Shooting Hoops with Aaliyah Williams


Ryleigh Hayworth

It was the day before the first game of the season, and freshman basketball player Aaliyah Williams still did not know whether she would be playing varsity. Williams comes from a basketball-oriented family. Both of her parents played varsity all four years of high school, so it came as no surprise when her basketball coach called her over after practice, and gave her the news. “Liyah, you’re playing varsity tomorrow.”

“I was really young, and my dad claims he saw potential in me, so he put me in a couple Christian leagues and I’ve played ever since,” Williams said.

Williams grew up in Des Moines, just like her parents. Her mom went to East for freshman year, and then transferred to Roosevelt, where she met Williams’ dad. Currently, her dad coaches a team called the Iowa Battlers. Williams started playing basketball when she was five years old, and has loved it ever since. She has been playing in the East program since she was in fourth grade.

“After a while it (basketball) gets tiring and it’s very time consuming. You have to be really dedicated,” Williams said.

Williams plays basketball almost year-round. During the summer she plays AAU (Amateur Athletic Union) basketball for Kingdom Hoops, and the past two years she has been asked to play on a team for Nationals in Oklahoma. She got to meet 11-time NCAA Women’s Basketball National Champion Geno Auriemma, the head women’s basketball coach for the University of Connecticut. Her favorite part of basketball is how it takes her across the country and introduces her to new people.

“I don’t really have an off-season, because once school basketball is over, track starts. And also, AAU begins when school ball ends,” Williams said.

This season for East, she is playing four quarters varsity and two quarters junior varsity each game night. She said that when she is playing varsity, she is held to a higher standard, and when she is playing junior varsity, she has a little more control. Shooting is her self-proclaimed best basketball skill. It seems that Williams’ time is well occupied by basketball, but that is not her only sport.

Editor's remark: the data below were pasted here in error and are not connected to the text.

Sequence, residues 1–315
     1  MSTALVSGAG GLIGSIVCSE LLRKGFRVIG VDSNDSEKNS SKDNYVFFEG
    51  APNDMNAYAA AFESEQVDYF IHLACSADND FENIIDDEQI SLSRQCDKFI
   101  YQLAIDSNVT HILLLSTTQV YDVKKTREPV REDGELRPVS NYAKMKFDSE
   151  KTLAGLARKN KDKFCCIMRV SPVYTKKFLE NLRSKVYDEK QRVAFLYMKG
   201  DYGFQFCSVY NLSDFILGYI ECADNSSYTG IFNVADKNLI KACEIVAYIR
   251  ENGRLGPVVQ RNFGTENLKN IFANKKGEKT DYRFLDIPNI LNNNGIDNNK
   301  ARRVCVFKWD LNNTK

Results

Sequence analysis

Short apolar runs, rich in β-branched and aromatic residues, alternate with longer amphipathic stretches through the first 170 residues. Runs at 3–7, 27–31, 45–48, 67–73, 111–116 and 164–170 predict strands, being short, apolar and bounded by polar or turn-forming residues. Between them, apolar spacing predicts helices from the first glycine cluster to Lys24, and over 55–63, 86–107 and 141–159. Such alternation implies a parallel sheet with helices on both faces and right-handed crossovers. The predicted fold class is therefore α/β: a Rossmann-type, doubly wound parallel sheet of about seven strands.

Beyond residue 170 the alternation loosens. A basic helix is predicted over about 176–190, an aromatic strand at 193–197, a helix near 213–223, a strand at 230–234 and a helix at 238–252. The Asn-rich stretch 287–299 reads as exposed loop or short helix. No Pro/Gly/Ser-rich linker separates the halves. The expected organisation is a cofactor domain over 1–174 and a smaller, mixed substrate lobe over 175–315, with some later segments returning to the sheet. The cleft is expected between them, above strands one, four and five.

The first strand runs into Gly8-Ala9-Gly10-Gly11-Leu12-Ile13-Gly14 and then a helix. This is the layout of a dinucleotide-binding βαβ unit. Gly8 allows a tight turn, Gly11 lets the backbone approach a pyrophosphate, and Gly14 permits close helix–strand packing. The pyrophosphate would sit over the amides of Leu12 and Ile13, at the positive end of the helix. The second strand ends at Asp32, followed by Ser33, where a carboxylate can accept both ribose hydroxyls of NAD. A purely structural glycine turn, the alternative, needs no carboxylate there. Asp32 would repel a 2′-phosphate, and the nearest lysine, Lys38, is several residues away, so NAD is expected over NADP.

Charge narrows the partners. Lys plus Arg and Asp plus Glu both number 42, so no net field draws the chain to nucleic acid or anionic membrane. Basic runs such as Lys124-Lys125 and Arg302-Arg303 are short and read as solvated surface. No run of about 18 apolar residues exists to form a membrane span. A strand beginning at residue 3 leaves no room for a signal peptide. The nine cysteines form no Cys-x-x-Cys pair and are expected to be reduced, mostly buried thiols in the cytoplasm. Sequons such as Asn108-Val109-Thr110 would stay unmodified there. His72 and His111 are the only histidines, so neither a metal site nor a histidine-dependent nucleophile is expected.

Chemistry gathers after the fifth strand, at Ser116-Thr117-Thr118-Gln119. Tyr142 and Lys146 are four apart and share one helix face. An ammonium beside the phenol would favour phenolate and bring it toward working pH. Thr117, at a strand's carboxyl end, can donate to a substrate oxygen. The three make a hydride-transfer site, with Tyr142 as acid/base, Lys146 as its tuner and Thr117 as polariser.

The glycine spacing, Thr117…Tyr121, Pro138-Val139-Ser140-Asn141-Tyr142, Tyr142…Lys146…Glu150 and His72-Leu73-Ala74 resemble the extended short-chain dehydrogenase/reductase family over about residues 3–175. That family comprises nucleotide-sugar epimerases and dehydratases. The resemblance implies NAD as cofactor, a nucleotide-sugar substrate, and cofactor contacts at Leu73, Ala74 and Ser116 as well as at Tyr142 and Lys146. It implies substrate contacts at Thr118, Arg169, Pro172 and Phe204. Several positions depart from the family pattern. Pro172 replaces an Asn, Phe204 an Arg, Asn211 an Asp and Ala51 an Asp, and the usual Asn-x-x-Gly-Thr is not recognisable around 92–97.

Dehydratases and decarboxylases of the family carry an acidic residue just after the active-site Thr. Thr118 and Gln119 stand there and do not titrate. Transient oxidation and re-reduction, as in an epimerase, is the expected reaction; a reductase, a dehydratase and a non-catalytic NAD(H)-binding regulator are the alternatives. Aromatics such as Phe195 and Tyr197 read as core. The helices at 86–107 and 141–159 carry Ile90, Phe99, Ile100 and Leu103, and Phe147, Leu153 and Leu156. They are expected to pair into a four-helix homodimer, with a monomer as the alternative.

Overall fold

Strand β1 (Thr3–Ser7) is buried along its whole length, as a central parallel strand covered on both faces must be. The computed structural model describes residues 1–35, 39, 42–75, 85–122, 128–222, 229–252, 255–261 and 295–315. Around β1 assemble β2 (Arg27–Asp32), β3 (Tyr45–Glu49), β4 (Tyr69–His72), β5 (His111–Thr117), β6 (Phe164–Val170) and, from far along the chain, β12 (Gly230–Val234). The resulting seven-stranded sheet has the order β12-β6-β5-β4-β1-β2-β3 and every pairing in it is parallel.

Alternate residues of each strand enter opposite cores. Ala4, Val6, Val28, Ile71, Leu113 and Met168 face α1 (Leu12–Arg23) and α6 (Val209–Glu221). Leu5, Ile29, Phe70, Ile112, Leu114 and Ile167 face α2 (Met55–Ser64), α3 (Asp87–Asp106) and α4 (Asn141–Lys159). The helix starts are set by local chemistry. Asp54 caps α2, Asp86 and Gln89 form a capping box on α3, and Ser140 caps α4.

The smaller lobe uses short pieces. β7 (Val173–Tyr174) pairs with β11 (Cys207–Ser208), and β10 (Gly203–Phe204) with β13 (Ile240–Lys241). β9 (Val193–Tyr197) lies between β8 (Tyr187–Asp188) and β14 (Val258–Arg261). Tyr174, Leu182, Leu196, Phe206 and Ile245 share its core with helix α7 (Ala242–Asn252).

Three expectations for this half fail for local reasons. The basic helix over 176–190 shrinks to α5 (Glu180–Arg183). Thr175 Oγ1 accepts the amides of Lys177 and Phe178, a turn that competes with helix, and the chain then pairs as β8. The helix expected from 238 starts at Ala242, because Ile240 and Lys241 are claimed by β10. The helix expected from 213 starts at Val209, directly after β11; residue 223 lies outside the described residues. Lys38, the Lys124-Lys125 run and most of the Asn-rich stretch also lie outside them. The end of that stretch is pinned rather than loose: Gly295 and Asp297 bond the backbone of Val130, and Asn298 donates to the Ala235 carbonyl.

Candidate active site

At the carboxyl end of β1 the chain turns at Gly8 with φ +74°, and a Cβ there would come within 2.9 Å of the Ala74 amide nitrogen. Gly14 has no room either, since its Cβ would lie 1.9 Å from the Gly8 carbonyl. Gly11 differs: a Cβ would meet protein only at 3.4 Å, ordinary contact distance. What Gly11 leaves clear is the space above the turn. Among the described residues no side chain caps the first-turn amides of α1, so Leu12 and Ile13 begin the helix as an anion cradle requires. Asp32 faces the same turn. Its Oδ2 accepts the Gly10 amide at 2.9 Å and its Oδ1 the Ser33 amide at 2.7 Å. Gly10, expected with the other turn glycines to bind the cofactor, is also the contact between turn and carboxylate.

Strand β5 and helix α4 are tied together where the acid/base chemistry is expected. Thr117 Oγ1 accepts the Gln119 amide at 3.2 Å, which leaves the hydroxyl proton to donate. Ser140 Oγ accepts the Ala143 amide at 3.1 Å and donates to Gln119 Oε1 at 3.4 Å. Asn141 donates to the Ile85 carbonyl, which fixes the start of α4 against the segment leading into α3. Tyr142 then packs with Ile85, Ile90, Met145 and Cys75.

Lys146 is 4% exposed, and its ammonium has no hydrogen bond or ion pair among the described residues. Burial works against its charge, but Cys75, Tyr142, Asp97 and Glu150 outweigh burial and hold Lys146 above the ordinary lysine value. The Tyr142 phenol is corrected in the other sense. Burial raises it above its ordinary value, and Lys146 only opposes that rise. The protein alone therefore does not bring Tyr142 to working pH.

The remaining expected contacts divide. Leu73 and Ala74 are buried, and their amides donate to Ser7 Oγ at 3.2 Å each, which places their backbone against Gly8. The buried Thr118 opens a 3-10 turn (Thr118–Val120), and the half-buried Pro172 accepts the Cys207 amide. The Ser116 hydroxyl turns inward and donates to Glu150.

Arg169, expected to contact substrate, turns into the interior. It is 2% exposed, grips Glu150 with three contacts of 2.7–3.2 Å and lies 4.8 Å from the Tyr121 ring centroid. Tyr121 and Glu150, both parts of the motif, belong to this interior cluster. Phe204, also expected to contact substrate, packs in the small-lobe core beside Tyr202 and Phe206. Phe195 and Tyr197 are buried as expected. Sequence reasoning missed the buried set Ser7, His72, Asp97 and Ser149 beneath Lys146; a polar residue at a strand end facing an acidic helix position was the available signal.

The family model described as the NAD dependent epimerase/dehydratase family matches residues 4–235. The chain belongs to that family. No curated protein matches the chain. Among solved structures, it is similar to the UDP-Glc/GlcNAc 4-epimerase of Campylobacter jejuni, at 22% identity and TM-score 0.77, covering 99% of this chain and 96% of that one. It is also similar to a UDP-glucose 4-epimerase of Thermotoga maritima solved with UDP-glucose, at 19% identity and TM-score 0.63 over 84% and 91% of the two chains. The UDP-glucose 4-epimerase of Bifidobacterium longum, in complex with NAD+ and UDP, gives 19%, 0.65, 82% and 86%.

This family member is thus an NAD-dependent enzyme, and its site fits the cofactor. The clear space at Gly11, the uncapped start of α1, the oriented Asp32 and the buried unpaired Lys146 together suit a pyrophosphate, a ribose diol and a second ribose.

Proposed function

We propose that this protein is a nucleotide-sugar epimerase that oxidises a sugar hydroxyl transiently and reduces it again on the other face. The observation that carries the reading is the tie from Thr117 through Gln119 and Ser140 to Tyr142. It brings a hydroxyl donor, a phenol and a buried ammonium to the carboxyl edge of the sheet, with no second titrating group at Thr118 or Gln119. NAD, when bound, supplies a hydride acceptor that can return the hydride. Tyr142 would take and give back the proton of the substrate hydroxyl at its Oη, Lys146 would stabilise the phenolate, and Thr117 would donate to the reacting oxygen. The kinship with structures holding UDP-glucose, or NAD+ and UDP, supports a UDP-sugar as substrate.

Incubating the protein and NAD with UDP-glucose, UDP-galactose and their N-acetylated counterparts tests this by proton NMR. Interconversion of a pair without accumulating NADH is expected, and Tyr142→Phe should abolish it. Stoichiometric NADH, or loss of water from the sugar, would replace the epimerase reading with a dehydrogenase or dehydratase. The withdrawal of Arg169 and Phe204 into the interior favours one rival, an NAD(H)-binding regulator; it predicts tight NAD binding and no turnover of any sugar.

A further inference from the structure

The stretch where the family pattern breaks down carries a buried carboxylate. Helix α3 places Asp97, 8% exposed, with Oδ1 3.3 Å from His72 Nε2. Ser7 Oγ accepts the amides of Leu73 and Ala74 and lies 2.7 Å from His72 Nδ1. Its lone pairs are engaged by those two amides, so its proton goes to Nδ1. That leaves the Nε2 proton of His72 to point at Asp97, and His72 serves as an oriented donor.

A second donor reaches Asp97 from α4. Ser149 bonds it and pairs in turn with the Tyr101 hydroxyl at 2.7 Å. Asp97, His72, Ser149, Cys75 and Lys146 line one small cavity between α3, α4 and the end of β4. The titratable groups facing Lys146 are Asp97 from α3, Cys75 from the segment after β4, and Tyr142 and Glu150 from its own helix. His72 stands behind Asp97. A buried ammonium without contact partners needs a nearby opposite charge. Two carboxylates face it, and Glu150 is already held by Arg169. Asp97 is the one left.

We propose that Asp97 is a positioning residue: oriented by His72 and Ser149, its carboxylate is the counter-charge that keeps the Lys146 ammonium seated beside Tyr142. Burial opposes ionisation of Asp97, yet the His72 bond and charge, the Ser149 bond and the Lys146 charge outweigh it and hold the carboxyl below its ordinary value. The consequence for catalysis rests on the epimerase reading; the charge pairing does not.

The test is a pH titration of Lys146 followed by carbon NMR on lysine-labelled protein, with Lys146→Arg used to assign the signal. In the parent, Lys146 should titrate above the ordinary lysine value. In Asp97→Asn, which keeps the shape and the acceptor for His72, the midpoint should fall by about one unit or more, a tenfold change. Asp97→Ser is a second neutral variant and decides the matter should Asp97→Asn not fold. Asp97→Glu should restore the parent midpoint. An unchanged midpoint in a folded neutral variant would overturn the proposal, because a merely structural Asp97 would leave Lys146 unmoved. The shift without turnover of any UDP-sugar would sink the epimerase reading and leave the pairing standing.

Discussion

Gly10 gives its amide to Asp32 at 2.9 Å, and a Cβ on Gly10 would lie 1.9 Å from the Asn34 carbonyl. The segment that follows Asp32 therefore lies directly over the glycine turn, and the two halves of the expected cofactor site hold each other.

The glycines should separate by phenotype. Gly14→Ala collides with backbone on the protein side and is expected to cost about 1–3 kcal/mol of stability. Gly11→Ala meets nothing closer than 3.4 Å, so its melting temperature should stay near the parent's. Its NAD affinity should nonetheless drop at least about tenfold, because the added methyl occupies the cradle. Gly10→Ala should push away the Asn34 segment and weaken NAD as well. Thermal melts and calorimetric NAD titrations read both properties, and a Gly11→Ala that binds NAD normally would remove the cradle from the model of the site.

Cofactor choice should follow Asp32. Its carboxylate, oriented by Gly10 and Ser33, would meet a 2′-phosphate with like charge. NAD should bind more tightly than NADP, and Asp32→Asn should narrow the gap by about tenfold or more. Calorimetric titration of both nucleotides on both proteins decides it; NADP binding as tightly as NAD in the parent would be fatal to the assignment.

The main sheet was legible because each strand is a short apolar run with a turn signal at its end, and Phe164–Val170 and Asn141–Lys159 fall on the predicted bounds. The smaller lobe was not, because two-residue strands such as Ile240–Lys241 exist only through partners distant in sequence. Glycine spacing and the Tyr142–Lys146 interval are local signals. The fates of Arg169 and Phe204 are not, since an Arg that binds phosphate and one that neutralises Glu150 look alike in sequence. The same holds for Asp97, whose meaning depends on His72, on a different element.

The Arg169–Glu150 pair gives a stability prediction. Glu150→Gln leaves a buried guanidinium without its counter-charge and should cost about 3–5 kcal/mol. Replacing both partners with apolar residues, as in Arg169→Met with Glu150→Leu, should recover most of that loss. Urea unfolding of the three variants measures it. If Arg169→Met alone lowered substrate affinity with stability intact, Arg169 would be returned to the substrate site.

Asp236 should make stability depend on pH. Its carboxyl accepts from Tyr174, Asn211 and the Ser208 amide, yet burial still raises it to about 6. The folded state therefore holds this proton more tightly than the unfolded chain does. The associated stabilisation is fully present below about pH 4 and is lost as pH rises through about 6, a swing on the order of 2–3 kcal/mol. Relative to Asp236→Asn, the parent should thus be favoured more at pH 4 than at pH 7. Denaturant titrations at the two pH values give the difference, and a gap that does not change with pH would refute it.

“She has more confidence playing at the varsity level and is less nervous in games. Aaliyah has also become more knowledgeable of the game and is beginning to understand her role and how she affects both Varsity and Junior Varsity. She still has a ways to go but right now we are happy with the progress that she has made,” assistant coach Samisha Powell said.

Basketball is a difficult sport to be involved in. The varsity and junior varsity teams have practice every Monday and Thursday with games on Tuesdays and Fridays. Practices are long and consist of many things, including conditioning drills, shooting drills, and going over set plays and offenses.

“She is a leader on the basketball court, always giving it her all and doing her best,” JV basketball player Hannah Oleson said.

Like most high school students, Williams has yet to figure out what she is doing after high school, but she hopes that basketball is a part of it. She hopes to earn a scholarship to a college with her basketball talent, but she does not care to which college, though she said she has always loved the University of North Carolina. For now, she strives to be the best student, basketball player, and person that she can be.

“It’s like anything you wanna be good at, you have to put in the work for the outcome you’re expecting or yearning for,” Williams said.